OS X – When Apple fist launched the Mac App Store for apps on their OS X platform, a new default option was introduced in the System Preferences. Under Security and Privacy, users quickly learned that three Gatekeeper options now existed when it comes to determining what apps could be launched on a Mac. Only apps downloaded from the Mac App Store, apps from identified developers, or apps from anywhere. Just like on Windows, OS X users are empowered to choose which apps they want to run on their Macs and even disable all warning messages when installing any app from anywhere.
Android – With Android, the option to install apps from unknown sources in not only an option that users can configure in their security settings, they are encouraged to do so by operators of Android App Stores outside of Google Play. The instructions on Amazon’s own Android App Store label the instruction as “Allow installation of apps from the Amazon Appstore.” Sounds friendly enough, however users are instructed to allow apps to be installed from unknown sources; any unknown source, not just Amazon. While it is true that Android developers can sign apps before deploying them to device, they don’t really have to. There are plenty of ways that developers can deploy apps to Android devices that do not require any level of code signing at all. Side-loading apps by tethering the device with a USB cable, downloads apps from web sites or even install apps from an attachment in an email message are some examples. While Google may have some control over Google Play, it does not control the Android platform as a whole.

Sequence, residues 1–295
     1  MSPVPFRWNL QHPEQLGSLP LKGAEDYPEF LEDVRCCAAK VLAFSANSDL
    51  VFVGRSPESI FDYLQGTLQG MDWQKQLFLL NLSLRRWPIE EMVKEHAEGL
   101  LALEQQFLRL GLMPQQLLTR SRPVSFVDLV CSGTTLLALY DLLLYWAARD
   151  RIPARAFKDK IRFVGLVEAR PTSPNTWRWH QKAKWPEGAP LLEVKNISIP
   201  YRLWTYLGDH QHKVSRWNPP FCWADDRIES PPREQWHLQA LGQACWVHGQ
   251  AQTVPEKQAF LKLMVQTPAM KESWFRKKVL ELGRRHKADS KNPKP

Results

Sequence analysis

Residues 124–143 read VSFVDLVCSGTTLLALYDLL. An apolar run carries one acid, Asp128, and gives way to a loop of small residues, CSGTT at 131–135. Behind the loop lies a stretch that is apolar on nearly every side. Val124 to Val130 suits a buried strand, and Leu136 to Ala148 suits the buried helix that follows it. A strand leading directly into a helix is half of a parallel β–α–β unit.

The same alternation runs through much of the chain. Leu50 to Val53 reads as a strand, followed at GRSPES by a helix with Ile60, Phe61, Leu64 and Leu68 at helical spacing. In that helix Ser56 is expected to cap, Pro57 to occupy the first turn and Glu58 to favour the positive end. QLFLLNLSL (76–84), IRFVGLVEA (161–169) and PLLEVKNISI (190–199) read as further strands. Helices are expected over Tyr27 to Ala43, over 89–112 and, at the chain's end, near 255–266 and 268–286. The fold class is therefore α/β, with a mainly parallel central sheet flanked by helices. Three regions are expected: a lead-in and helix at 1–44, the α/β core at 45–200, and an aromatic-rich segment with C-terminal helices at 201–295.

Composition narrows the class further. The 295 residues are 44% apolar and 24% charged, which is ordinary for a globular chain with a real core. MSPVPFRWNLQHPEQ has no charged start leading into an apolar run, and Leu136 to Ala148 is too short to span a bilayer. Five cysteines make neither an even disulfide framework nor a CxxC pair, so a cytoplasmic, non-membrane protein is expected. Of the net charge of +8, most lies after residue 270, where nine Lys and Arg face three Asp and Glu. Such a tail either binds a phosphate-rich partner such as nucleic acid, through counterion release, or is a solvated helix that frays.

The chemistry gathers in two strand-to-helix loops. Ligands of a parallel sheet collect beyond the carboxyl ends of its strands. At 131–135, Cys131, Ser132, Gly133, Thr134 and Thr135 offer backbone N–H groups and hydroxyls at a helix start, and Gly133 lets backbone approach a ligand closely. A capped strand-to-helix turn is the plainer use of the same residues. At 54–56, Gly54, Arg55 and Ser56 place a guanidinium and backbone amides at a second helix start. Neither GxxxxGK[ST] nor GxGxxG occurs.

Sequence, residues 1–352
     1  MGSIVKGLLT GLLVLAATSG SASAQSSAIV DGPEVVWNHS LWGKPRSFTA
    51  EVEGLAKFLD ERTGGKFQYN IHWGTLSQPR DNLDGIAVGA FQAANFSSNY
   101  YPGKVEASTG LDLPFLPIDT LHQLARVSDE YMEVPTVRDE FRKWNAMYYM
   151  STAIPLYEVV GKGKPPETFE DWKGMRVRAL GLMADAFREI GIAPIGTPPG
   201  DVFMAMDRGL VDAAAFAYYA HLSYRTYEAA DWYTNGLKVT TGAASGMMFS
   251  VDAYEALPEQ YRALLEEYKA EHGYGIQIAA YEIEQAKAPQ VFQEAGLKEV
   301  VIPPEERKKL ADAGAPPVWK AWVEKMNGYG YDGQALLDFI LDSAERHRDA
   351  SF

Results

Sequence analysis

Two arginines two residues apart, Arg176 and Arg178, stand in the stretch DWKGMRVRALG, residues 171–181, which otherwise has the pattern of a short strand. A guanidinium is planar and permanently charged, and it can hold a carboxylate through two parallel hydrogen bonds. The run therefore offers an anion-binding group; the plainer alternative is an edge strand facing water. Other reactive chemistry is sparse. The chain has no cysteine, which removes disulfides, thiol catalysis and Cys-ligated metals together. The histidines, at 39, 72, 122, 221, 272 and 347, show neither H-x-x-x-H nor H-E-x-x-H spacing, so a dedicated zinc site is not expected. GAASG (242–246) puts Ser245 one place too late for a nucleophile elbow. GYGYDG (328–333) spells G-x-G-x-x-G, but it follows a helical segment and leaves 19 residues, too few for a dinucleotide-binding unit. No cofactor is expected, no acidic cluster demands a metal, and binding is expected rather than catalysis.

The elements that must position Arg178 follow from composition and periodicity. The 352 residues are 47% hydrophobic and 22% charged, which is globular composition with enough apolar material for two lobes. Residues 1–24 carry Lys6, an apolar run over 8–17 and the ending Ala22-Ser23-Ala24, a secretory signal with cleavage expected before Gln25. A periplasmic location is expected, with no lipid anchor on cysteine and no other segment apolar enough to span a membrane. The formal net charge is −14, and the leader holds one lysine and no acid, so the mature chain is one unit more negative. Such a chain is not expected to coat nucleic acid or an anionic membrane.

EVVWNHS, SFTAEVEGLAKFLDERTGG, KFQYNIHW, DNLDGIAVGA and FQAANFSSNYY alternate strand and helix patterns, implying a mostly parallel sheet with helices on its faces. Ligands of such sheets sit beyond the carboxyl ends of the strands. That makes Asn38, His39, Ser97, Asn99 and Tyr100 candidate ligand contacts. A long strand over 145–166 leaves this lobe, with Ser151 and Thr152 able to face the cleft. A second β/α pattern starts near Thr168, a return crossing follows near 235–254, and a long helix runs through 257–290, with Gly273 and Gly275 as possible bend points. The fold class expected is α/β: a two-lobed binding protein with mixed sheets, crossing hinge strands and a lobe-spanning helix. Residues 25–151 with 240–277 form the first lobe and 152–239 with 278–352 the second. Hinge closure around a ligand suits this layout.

iOS – The exception to this behavior lies in ensuring that the rule is always applied; by not giving users the option to turn it off. Apple, the trusted digital signing authority for iOS, has taken on the additional role of governing which developers are permitted to deploy apps onto iOS devices. On iOS there is no option to install native apps from any other source than Apple’s own iOS App Store (or an approved Enterprise App Store as outlined below). Without jailbreaking an iPhone, even developers cannot deploy apps that they are developing onto iPhones without Apple knowing about it.
So how exactly do apps get onto iOS devices?
Xcode is an app available for free on the OS X app store and can also be downloaded from the Apple Developer website. This is the tool that developers use to create apps. Without paying $99 for an Apple Developer Account, deploying code to devices simply will not work. Developers are limited to deploying and testing in a iPhone Simulator that runs on their Mac. Only after enrolling in an Apple Developer Program can developers deploy apps to a device: